Oliver, 2015 WL 505072, *1.[2]

         III. Standards of Review

         1. Review of State Court Adjudications

         Oliver's federal petition is governed by the heightened standard of review provided by the Antiterrorism and Effective Death Penalty Act ("AEDPA"). 28 U.S.C.A. § 2254. Under § 2254(d), a petitioner may not obtain federal habeas corpus relief on any claim that was adjudicated on the merits in state court proceedings, unless the adjudication of that claim either: (1) "resulted in a decision that was contrary to, or involved an unreasonable application of, clearly established Federal law, as determined by the Supreme Court of the United States", or (2) resulted in a decision that was based on an unreasonable determination of the facts in light of the evidence presented in the state court proceeding. Brown v. Payton, 544 U.S. 133, 141 (2005). This intentionally difficult standard stops just short of imposing a complete bar on federal court relitigation of claims already rejected in state proceedings. Harrington v. Richter, 562 U.S. 86, 102 (2011) (citing Felker v. Turpin, 518 U.S. 651, 664 (1996)).

         A federal habeas court's inquiry into unreasonableness should always be objective rather than subjective, with a focus on whether the state court's application of clearly established federal law was "objectively unreasonable" and not whether it was incorrect or erroneous. McDaniel v. Brown, 558 U.S. 120, 132-33 (2010); Wiggins v. Smith, 539 U.S. 510, 520-21 (2003). Even a strong case for relief does not mean the state court's contrary conclusion was unreasonable, regardless of whether the federal habeas court would have reached a different conclusion itself. Richter, 562 U.S. at 102. Instead, a petitioner must show that the state court's decision was objectively unreasonable, a "substantially higher threshold." Schriro v. Landrigan, 550 U.S. 465, 473 (2007); Lockyer v. Andrade, 538 U.S. 63, 75-76 (2003). So long as "fairrainded jurists could disagree" on the correctness of the state court's decision, a state court's determination that a claim lacks merit precludes federal habeas relief. Richter, 562 U.S. at 101 (citing Yarborough v. Alvarado, 541 U.S. 652, 664 (2004)). In other words, to obtain federal habeas relief on a claim previously adjudicated on the merits in state court, Oliver must show that the state court's ruling "was so lacking in justification that there was an error well understood and comprehended in existing law beyond any possibility for fairminded disagreement." Id. at 103; see also Bobby v. Dixon, 565 U.S. 23, 24 (2011).

         Furthermore, all of the grounds raised in a federal application for writ of habeas corpus must have been "fairly presented" to the state courts before being presented to the federal courts. Picard v. Connor, 404 U.S. 270, 275 (1971). Stated differently, the state court system must have been presented with the same facts and legal theory upon which the petitioner bases his assertions in order for a claim to be exhausted. Id. at 275-77. Thus "it is not enough . . . that a somewhat similar state-law claim was made." Wilder v. Cockrell, 274 F.3d 255, 260 (5th Cir. 2001) (citing Anderson v. Harless, 459 U.S. 4, 6 (1982)). A petitioner "advance[ing] in federal court an argument based on a legal theory distinct from that relied upon in the state court, " "fails to satisfy the exhaustion requirement." Id. at 259 (citing Vela v. Estelle, 708 F.2d 954, 958 n.5 (5th Cir. 1983)).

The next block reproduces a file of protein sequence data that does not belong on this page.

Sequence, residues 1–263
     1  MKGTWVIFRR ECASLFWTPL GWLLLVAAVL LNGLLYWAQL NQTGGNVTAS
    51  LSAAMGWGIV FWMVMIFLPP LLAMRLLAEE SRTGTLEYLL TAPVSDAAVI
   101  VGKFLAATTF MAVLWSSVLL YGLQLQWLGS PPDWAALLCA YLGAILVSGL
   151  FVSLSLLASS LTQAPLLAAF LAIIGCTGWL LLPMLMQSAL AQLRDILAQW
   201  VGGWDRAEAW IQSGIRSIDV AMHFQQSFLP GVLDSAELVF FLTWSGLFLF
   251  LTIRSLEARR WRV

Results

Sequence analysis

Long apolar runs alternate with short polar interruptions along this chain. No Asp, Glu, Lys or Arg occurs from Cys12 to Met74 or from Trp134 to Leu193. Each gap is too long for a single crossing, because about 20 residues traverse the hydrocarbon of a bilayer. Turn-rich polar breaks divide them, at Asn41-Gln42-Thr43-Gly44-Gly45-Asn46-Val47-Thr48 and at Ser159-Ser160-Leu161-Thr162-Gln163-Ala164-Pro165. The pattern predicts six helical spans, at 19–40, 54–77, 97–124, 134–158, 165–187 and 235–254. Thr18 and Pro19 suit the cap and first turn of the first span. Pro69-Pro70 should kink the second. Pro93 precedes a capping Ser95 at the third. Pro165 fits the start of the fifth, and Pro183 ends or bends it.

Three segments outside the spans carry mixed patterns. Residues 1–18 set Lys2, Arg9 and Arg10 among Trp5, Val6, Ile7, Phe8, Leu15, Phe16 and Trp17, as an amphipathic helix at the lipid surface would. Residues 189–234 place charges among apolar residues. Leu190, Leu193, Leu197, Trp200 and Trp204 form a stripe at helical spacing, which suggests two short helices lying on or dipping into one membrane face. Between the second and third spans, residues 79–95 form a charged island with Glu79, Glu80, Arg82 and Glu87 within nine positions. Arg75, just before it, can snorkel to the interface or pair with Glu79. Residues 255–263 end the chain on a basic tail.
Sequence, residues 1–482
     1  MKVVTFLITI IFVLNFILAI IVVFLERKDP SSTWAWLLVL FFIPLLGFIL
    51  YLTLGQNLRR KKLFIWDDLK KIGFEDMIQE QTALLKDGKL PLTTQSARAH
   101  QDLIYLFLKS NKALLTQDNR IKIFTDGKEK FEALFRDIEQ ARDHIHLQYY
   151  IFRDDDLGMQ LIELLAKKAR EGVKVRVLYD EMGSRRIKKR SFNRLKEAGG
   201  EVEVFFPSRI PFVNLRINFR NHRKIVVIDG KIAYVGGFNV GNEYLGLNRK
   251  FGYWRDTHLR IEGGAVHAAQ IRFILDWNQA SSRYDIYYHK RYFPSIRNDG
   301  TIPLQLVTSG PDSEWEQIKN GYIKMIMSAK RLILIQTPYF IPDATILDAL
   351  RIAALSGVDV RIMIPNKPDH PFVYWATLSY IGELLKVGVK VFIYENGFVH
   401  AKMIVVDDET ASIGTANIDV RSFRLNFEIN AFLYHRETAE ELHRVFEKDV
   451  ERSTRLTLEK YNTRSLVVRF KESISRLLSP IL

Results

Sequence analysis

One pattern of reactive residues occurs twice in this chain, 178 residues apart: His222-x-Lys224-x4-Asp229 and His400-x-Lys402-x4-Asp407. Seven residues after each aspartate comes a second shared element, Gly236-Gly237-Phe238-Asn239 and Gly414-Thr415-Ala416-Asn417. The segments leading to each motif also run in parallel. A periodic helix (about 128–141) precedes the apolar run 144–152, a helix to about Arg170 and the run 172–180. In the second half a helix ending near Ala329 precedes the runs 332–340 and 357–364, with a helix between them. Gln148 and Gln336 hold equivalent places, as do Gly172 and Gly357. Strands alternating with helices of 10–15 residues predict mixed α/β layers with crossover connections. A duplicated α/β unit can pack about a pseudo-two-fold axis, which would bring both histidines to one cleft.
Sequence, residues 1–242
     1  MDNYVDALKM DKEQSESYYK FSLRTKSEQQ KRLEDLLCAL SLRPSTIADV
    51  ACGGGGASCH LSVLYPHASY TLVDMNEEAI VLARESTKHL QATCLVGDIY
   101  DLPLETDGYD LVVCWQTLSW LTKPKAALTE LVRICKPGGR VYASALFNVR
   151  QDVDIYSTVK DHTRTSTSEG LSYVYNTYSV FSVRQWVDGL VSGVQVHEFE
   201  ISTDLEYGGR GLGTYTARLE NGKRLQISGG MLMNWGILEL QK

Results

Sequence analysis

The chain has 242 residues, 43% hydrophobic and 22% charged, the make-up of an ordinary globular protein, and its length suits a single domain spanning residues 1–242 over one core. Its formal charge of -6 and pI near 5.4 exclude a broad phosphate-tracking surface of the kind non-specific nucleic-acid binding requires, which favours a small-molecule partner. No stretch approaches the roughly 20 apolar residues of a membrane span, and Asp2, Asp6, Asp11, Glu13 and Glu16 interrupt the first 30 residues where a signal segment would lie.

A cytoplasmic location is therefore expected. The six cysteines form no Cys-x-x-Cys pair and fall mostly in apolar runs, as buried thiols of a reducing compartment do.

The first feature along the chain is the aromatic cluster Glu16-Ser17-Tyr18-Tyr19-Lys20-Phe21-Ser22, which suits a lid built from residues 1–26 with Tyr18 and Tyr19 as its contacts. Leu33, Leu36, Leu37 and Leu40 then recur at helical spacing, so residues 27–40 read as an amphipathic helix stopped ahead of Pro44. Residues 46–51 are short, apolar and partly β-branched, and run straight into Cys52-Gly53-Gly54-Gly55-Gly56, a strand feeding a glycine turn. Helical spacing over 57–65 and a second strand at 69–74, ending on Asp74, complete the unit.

Additionally, except for the narrow exceptions contained in § 2254(e)(2), a habeas petitioner is precluded from further factual development in federal court and must rely on the evidence presented to the state court when challenging a state court finding. Cullen v. Pinholster, 563 U.S. 170, 181-82 (2011). Reasoning that "[i]t would be strange to ask federal courts to analyze whether a state court's adjudication resulted in a decision that unreasonably applied federal law to facts not before the state court, " Pinholster explicitly held that "[i]f a claim has been adjudicated on the merits by a state court, a federal habeas petitioner must overcome the limitation of § 2254(d)(1) on the record that was before that state court." Id. at 182-85. Thus, "evidence introduced in federal court has no bearing on § 2254(d)(1) review" and this Court's review "is limited to the record that was before the state court that adjudicated the claim on the merits." Id.

         2.Review of Sixth ...